Published by the Students of Johns Hopkins since 1896
February 28, 2024

Los Angeles Rams pay for their "all-in" approach

By TIMOTHY MCSHEA | March 7, 2023

los-angeles-rams-at-washington-football-team-2020 -- from the Washington Football Team vs. Los Angeles Rams at FedEx Field in Landover, Maryland. October 11, 2020 (All-Pro Reels Photography)

On Feb. 24, the Los Angeles Rams released star linebacker Bobby Wagner, and many NFL insiders have reported that all-pro cornerback Jalen Ramsey will soon be traded. The cause of these moves is not public info — it is plausible both players were looking for another change after the Rams’ 5–12 season, a stark contrast with their Super Bowl run just one season before. Most likely, however, both of these moves are tied to the Rams’ cap space.

The Rams are currently about $14.9 million above the cap, and this comes as no surprise. Since the blockbuster trade that allowed the Rams to acquire quarterback Mathew Stafford prior to the 2021 season, the Rams' front office has had an all-or-nothing philosophy. 

At the parade following the Rams’ Super Bowl, General Manager Les Snead made a remark in reference to the amount of draft capital the Rams gave up in order to get Stafford. 

“F– them picks,” Snead said.

This mantra has become popular within the Rams’ fanbase, and for all intents and purposes, the philosophy worked. Stafford led the team to a Super Bowl victory, their first since 1999, and the team seemed destined to come back and dominate the following season. 

Even though Von Miller signed with the Buffalo Bills for a huge, $120 million, six-year deal, the Rams added Wagner soon after, another star on defense. Though the two players have different roles within the linebacker position, trading one-star linebacker for another was deemed an equal transaction. The future for the Rams seemed just as bright.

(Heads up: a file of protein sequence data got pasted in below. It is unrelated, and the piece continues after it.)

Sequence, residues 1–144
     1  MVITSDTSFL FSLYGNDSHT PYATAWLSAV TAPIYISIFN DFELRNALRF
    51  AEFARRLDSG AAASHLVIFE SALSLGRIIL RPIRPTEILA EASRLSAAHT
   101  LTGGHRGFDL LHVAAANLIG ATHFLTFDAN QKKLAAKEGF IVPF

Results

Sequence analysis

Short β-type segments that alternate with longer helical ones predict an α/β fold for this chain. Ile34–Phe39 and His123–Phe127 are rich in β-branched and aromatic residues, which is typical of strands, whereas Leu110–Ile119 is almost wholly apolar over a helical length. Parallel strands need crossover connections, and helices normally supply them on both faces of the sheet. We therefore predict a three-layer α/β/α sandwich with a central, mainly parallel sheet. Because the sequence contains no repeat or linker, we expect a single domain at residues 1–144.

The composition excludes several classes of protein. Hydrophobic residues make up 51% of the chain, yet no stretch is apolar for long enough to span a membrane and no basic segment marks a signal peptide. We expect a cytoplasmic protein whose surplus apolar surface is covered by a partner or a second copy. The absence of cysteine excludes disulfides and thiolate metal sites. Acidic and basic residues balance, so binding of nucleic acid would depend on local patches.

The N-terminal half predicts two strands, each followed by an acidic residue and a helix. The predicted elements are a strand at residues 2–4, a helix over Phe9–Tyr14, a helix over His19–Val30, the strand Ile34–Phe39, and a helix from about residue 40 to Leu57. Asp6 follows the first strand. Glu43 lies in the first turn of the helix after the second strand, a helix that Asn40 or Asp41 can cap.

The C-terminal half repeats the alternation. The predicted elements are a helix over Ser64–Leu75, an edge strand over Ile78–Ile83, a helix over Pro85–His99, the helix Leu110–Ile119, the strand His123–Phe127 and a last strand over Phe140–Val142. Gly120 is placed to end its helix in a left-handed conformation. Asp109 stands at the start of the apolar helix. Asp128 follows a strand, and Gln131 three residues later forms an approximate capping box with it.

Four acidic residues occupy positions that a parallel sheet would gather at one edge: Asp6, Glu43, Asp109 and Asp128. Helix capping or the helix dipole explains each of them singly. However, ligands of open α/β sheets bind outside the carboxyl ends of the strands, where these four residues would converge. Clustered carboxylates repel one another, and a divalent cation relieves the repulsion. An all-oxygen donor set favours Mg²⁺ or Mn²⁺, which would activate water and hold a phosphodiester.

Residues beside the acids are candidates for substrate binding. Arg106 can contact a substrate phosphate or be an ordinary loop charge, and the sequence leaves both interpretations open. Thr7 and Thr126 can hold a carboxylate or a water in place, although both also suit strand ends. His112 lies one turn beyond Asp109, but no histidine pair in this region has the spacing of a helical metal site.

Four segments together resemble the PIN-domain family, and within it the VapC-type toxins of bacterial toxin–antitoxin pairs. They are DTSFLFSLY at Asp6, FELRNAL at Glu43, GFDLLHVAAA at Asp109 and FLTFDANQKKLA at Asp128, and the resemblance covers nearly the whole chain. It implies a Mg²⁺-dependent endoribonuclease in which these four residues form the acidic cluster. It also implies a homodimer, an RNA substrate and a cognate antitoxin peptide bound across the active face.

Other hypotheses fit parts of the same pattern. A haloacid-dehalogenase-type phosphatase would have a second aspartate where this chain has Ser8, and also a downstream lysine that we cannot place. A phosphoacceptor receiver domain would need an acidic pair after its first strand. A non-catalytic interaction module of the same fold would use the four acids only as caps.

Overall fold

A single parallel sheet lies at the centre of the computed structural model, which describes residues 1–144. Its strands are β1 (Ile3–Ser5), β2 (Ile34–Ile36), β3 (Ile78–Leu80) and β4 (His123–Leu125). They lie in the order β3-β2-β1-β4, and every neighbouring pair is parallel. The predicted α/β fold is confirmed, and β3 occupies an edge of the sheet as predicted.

This obviously was not the case. The offense struggled severely throughout the season, likely due to Offensive Coordinator Kevin O’Connell’s departure to become head coach of the Minnesota Vikings. Another reason for this drastic collapse was injuries — Stafford, defensive tackle Aaron Donald, wide receiver Cooper Kupp and Ramsey all suffered injuries at one time or another, and all were considered the top players on both defense and offense. With a list like that, it's no wonder the Rams struggled.

In the NFL, there are bound to be injuries, and it’s nearly impossible to plan for everything. This is why the Rams’ approach back in 2021 was so risky — while most teams maintain a forward-thinking attitude toward most of their transactions, mitigating risk for future seasons, the Rams used all of their resources at once. 

This approach got them a Lombardi Trophy. However, it also got them a 5–12 season right after, as well as $14.9 million over the cap. These next few seasons will prove dull for the Rams, and it will always tie back to the moves they made back in 2021.

Wagner’s release and Ramsey’s trade will open up a huge hole in the Rams’ defense, and it's a hole that can’t be patched up any time soon. The team’s negative cap space nearly rules out free-agent signings entirely. There is the possibility of restructuring current players’ contracts for more space, but $14 million is a drastic number and puts a huge question mark on the Rams’ future. 

Players are more often willing to restructure contracts if their franchise can contend for a title in the near future. With the Rams’ playoff chances not looking bright, players will undoubtedly be looking at other teams, with the prospect of higher pay. This means more releases and trades are coming, as the Rams front office is forced to rebuild certain aspects of the team — Snead will be getting his picks back, but at a cost.

It’s easy to look back at the Super Bowl win and say the Rams made the right moves at the time, but the risk is much more apparent when one looks at teams who took the same approach this past season — the Cleveland Browns went all out in acquiring Deshaun Watson this past offseason, and the Denver Broncos gave up a lot to trade for Russell Wilson. Both teams were beyond disappointments. The Rams were lucky to get their Super Bowl and will now be forced to pay the price.

Have a tip or story idea?
Let us know!

Comments powered by Disqus

Please note All comments are eligible for publication in The News-Letter.